Energy consumption/ calculation

Hello nengo community,

Since the main advantage of using a spiking neural network is energy efficiency. I was just wondering is there any way in nengo to calculate the energy consumed by nengo_dl model? Take the example of MNIST: two same models but one is non-spiking such as in Keras and another one spiking one. How can we say that the spiking version consumes less energy? Is there any way to calculate this energy consumption without using any hardware?

Sorry if this question is already answered in some thread in the forum. I couldn’t find a relevant one in the forum.

Thank you in advance for your answer.

Hello @Choozi , you are in luck! Please checkout KerasSpiking and it’s related examples for energy estimation.

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@zerone thank you very much for the links. :slight_smile: I will look at it and will get back to you in case I have any questions.

@zerone Thank you for sharing the interesting link.

However, this has been done for spiking-keras and I am using nengo_dl. Can we do something similar in nengo_dl? For instance, taking the example of the MNIST (Optimizing a spiking neural network — NengoDL 3.4.1.dev0 docs) tutorial with nengo_dl using LIF neurons. I would like to estimate the energy consumption for that model.

Just to chime in, the energy estimates are only available for KerasSpiking at the moment. It is currently not built into NengoLoihi, Nengo, or NengoDL as an automated process. Although, with NengoLoihi, you can measure the power consumption using the physical Loihi board (NengoLoihi provides an interface to the nxsdk board object in order to do so).

Estimating the energy consumption for a specific Nengo model requires some effort to program, but isn’t overly complex. If you look at the KerasSpiking energy estimation code we are multiplying the number of operations performed per second by an estimate of the amount of energy each operation consumes. This is done for synapses (connections) and for the neurons. The difficulty in computing the energy estimate is the process by which you collect the statistics of the network. For simple networks, you can probably probe every ensemble and connection in the entire network for the duration of the simulation run, but this becomes expensive (in terms of computer memory) for larger models.

Thanks @xchoo for the insights.

@Choozi , I haven’t used KerasSpiking myself. But I guess, any TF model you are building (with TF APIs for subsequent conversion with Nengo-DL), you can just take a copy of it and call the keras_spiking APIs, just like below:

# estimate model energy
energy = keras_spiking.ModelEnergy(model)

where model is your tf.keras.Model() object. As you can see in the example, ReLU neurons have been used for TF model building and then energy estimation, with LIF neurons as well, I believe the energy estimates would be similar, unless @xchoo thinks otherwise.

I haven’t tested it myself, but it seems entirely plausible that using a TF model (or even a TF model created within NengDL) can be usable with the keras_spiking.ModelEnergy() function. It’s definitely a quick and simple suggestion to try. @Choozi, keep us informed! :smiley:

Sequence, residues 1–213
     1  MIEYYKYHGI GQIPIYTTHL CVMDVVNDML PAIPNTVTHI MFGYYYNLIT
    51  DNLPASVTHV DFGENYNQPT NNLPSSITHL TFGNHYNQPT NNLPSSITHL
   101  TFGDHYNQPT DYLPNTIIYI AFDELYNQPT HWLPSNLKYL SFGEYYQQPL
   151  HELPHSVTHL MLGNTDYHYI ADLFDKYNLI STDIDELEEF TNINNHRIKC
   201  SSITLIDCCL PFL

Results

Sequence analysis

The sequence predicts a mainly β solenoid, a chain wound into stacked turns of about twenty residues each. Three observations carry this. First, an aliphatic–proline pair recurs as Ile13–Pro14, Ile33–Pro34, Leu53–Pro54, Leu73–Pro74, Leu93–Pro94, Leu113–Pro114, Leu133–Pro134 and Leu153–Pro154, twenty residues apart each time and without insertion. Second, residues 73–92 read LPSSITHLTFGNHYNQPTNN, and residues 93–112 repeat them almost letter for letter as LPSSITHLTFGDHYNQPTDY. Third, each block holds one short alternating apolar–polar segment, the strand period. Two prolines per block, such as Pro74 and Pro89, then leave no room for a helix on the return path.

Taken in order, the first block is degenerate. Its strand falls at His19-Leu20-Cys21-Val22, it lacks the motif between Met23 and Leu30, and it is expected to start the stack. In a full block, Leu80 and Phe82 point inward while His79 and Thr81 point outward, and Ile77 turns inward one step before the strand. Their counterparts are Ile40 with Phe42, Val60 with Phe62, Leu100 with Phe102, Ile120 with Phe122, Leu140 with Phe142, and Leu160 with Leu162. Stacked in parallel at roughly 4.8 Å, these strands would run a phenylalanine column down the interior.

@zerone @xchoo thank your comments/ suggestions. Yes, the spiking-keras only accept TF model. But what confused me that the energy estimates for a trained model and an un-trained model is the same. Shouldn’t it change with training? where the weights get updated?

Hello @Choozi, I am no expert here on energy estimation aspects; but I doubt if trained/un-trained models would affect energy estimation in any sense. Please note that it’s energy estimation and not actual energy profiling (i.e. actual measurement of energy consumption by executing the model on a physical board).

Since it’s just an estimation, I believe KerasSpiking simply estimates the probable number of neuron activation/spiking operations executed on the board (irrespective of trained/un-trained model) and multiplies it with the energy consumed by one such op. Had you had actually executed your trained/un-trained model on a physical board, the energy difference might have been noticeable.

No. The energy estimates for the trained and un-trained model shouldn’t differ by much. Even if the un-trained model is initialized with weight matrices of entirely 0’s. Generally, for all of the hardware that KerasSpiking estimates energy, multiplication by zero is not ignored, and is actually computed (i.e., by literally multiplying by 0), and thus, energy is still used to perform the multiplication.

One thing that might impact the energy use is the amount of spikes being communicated to various parts of the system. If the network is configured in such a way that the network produces no spikes pre-training, and some spikes post-training, then it is entirely plausible that you will see an energy difference between the pre and post-trained networks. However, in NengoDL, most of the layers are initialized with random weights, and random neuron parameters, so a starting network with 0 spikes is typically not the case. Thus, on average, you’ll probably not see a lot of difference between the pre and post-trained networks.